new fleet Page 1.
Chicago United Irish Societies declare that Ire
land must bo free. Page 2.
Large Emmet memorial meetings are held in
New York and Columbus, O. Page 2.
Nathan Swift, son of L. F. Swift, the million
aire packer, is killed at Chicago by a polo
ball. Page 1.
Sam Parks arrives at Kansas City to fight for
recognition by Bridge and Structural Iron
workers. Page 3. i
Awards made on sheep, goats and swine at the
State Fair. Page 4.
Son of S. P. Donkel Is arrested at Prlnevllle,
charged with murder of his father. Pago 4.
Football outlook at colleges and universities.
Pacific Coast League games: Seattle 10, Port
land 6; Sacramento 7-5, San Francisco, 5-0;
Los Angeles 2, Oakland 1. Page 5.
Pacific National League games: Spokane 0-5,
Butte 1-0; Seattlo 0. Salt Lake 2. Page 3.
Many fast horses arriving for races at Irving
ton. Page 5.
Portland and Vicinity.
Rev. Dr. Hill preaches a sermon at Mayor
"Williams. Page 12.
Movement to annex East Sldo suburbs to the
city. Page 10.
Field sports at Multnomah Club Carnival to
night. Page 8.
Need of early -action to secure Irrigation con
vention in 1D05 for Portland. Page 12.
Distinguished rabbi comes to conduct Jowlsb
New Tear services. Page 8.
Irishmen celebrate centenary of Bobert Em
met Page 10.
Multnomah Club has a grievance against Chief
Hunt Pago 10.
10 MS BILLS?
Want to Know.
PRESIDENT TRAVELS MUCH
Alleged That Railroads Settle
CHARGES PUBLISHED IN PAPERS
Resolutions "Will Be Introduced in
the Senate Demanding: Informa
tion an to the EzpenNC At
tendant o"n These Journeys.
WASHINGTON, Sept. 20. (Special.) It
is said that the Democrats in tho Senate
will introduce a resolution soon after
Congress convenes demanding Informa
tion about the alleged practice of Presi
dent Roosevelt in obtaining and using
special, trains and special cars from vari
ous railroads and paying nothfng for the
service. The resolution has been prepared
and awaits discussion by the Democrats
before it is put in final shape.
It recites the fact that the public press
of the country and particularly a portion
of the Republican press of the country,
has openly charged that the President
paid none of the expenses of his trip to
the Pacific Coast by special train, which
lasted 66 days and covered 22.000 miles at
an enormous cost, but that these expenses
of every, kind, Including wines, liquors
and food were paid by the railroads over
which the train ran.
Continuing, tho resolution calls attention
to the frequent trips of the President
since he succeeded Mr. McKInley, and
then demands information as to tho ex
pense of these trips.
The reason of the resolution is the dis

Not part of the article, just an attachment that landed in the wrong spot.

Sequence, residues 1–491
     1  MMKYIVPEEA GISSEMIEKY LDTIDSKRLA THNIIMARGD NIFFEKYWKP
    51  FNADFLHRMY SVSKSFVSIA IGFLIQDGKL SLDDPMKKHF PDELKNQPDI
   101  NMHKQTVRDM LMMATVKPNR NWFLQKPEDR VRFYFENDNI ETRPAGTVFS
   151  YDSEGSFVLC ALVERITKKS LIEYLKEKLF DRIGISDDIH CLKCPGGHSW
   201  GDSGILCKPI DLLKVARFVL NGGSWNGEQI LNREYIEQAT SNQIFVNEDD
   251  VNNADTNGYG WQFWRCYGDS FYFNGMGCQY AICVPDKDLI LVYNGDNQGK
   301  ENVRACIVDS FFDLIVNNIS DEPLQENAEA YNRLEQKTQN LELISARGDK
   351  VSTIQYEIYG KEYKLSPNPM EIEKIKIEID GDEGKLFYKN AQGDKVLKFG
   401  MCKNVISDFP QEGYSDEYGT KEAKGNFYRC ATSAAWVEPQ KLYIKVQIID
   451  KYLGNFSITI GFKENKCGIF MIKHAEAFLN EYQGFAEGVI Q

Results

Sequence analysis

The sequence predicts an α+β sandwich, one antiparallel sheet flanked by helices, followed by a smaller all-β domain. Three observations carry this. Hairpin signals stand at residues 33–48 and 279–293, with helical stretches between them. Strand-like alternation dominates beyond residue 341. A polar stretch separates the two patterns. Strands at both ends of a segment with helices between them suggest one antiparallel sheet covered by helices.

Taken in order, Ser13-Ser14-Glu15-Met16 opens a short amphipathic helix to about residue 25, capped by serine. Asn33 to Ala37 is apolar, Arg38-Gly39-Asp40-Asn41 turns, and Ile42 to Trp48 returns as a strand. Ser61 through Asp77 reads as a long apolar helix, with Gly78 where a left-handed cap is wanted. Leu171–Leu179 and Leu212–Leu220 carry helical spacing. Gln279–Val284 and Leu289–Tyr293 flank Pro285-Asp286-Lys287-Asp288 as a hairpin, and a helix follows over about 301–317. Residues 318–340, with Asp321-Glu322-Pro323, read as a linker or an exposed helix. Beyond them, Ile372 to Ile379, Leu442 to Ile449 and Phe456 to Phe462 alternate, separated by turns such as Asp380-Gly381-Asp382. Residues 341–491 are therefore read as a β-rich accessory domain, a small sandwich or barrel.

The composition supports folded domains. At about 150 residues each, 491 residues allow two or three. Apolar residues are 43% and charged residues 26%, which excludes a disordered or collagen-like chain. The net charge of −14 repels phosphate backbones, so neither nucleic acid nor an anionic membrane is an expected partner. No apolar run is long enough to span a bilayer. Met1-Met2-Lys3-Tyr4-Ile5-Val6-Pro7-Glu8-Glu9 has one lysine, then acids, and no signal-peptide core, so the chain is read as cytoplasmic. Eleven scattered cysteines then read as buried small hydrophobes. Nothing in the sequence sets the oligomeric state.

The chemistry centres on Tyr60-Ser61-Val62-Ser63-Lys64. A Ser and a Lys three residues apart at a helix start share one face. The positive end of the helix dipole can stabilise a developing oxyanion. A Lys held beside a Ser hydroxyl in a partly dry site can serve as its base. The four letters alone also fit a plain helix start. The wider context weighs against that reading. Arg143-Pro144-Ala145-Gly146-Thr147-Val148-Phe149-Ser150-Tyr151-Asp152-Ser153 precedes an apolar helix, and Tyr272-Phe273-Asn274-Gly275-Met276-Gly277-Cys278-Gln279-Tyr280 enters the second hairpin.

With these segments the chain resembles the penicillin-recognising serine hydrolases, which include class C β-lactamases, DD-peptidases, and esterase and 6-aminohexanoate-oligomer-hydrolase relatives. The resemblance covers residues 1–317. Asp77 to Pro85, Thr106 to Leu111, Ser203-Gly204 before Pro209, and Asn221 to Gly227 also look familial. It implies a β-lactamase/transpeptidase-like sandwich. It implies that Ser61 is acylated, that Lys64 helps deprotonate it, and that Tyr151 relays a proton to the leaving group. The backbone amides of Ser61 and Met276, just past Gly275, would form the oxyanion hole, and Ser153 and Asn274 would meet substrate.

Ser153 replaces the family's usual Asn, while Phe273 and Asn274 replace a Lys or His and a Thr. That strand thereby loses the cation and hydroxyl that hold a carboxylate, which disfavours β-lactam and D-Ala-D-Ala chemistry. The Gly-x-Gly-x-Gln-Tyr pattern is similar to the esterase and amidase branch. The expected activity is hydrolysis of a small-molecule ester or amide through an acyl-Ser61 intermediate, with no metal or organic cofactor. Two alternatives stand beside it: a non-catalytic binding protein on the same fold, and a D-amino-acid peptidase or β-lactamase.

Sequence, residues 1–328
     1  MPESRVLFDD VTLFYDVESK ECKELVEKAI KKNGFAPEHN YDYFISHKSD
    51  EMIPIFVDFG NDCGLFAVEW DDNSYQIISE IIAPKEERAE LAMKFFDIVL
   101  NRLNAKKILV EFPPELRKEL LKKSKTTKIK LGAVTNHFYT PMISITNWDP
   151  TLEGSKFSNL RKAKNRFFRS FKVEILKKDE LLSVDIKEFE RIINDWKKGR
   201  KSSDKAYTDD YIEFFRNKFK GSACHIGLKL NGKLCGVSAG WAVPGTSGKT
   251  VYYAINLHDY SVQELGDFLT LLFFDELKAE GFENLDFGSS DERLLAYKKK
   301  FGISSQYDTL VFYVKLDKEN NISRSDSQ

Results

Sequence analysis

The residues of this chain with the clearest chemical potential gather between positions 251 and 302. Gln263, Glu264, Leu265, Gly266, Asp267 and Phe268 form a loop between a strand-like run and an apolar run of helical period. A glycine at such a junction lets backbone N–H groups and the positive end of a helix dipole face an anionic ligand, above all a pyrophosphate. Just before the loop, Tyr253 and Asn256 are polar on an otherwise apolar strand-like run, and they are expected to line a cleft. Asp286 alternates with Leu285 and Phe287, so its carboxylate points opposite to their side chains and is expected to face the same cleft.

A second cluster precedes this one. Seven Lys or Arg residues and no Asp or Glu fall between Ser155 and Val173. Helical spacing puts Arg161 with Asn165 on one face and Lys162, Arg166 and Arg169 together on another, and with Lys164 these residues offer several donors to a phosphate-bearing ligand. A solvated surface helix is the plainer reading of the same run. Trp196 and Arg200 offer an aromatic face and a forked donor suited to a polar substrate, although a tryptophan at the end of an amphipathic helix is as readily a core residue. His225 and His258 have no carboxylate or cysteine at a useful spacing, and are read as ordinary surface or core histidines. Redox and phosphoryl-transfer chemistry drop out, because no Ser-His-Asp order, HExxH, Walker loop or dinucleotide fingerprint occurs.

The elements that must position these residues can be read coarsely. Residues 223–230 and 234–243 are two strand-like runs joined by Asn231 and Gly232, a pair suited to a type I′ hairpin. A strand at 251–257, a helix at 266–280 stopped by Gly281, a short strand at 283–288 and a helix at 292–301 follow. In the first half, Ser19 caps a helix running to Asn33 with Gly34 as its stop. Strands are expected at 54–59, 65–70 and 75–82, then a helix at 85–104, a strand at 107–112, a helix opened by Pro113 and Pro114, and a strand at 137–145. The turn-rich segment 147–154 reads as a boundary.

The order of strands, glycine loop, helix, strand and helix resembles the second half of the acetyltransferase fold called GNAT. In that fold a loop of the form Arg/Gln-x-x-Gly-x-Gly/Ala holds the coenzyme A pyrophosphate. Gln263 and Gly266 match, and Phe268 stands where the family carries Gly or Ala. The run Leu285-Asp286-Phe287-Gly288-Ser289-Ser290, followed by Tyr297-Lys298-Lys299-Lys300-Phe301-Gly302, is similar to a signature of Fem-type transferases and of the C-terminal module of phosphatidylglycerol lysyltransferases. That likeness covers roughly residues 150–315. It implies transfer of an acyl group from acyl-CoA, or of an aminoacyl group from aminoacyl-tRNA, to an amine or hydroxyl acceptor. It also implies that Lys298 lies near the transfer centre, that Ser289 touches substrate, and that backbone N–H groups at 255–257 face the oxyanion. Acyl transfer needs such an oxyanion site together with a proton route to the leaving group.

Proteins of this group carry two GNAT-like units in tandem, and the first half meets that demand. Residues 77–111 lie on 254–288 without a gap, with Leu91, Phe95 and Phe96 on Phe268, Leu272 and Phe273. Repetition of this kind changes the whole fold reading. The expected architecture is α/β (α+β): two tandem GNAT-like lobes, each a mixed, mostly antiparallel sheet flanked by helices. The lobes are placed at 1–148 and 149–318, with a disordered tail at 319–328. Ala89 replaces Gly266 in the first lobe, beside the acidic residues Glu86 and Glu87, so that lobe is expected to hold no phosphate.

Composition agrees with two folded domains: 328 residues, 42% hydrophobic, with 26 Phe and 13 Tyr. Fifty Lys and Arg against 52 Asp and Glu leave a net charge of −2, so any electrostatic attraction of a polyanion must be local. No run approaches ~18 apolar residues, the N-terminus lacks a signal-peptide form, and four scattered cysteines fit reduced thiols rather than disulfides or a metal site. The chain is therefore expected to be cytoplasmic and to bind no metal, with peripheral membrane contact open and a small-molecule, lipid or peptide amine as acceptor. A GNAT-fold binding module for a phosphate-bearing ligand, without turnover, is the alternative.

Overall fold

cussion aroused by the Pacific Coast trip.
It is stated in the preamble that it does
not seem creditable to the Democrats,
at least of the Senate, that the President
of the United States would accept com
pliment transportation and food and drink
and service from" the railroads and that
the Senate desires to know If its faith
in President Roosevelt in this particular
TJXIOXS CAXXOT DICTATE.
President Roosevelt Snys Govern
ment Rules Take Precedence.
WASHINGTON. Sept 4 20. (Special.)
Dispatches from Oyster Bay say Presi
dent Roosevelt has declared he will not
be dictated to or Intimidated by the
labor unions In the case of 'Bookbinder
Miller, now at work in the Government
Printing Office. The President has re
ceived a set of unfriendly resolutions
from the Central Labor Union of Wash
ington, and has sent to the secretary. of
the organization a formal reply, which
is "merely to the effect that he has re
ceived the communication. It is not
probable that the President will vouch
safe any further answer to the union,
but undoubtedly he will take some meas
ures soon to counteract tho effect of the
"It may be stated emphatically and al
most officially," says tho dispatch from
Oyster Bay, "that President Roosevelt
will not accede to the demand of the
union by ordering the dismissal of Miller.
The President Is a member of one of "tho
affiliated bodies, and is In thorough sym
pathy with all the legitimate aims of tho
man who toils. He will not and can
not, however, allow the unions, as he
SAYS GORMAN IS LOGICAL DEMOCRATIC
SENATOR SHELBY 3L CCIX03L
regards the question, to override the
laws and the rules of tho Government
departments simply because they are
unions and -have power at the polls.
"President Roosevelt announced to a
friend several weelis ago, when the Miller
case came up, rather than to accede to
such demands he would go down to de
feat. 'But I'll go down fighting for what
I think Is right,' he is quoted as say
ing." At Its meeting In this city next Monday
night the American Federation of Labor
is to consider the question raised by the
local labor unions against President
Individually, the officers of the Amer
ican Federation of Labor and other mem
bers of the executive committeo have
given their Indorsement to the move
ment brought against the Administration
on account of its attitude toward organ
ized labor In connection with the print
ing office controversy. As a body, the
Federation has taken no part, and at
least one prominent officer has said that
the question must be met by the different
affiliated organizations according to the
majority of their members.
It is known, however, the resolutions
will be laid before the executive com
mittee, and will be discussed with a view
to giving advice to tho bookbinders,
which organization is conducting the po
litical war instituted against President
Federation Tenders President Advice
CHICAGO, Sept 20. President Roose
velt today was xotgd by the Chicago
Federation of Labor a 9000-word letter of
advice. In which fault is found with the
President's attitude on the question of
open' shops. Tee letter was prompted by
the decision of President Roosevelt in tho
Miller case, in which the President said
that Miller or any. other man must not
be discharged from the Government Print
ing Office on account of non-membership
in a union.
"Deliclously unaware of the hypocrisy
of the world of finance, honest and hu
mane, but uninformed," were some of
the clauses used to describe the Presi
dent In the long letter of the open-shop
The opening paragraph contained a defi
nite disclaimer of any wish to attack Mr.
Roosevelt, the blame for the Chief Exec
utive's attitude in the Miller affair being
placed on a "coterie of certain well
known interests which are constantly on
guard around the White House." The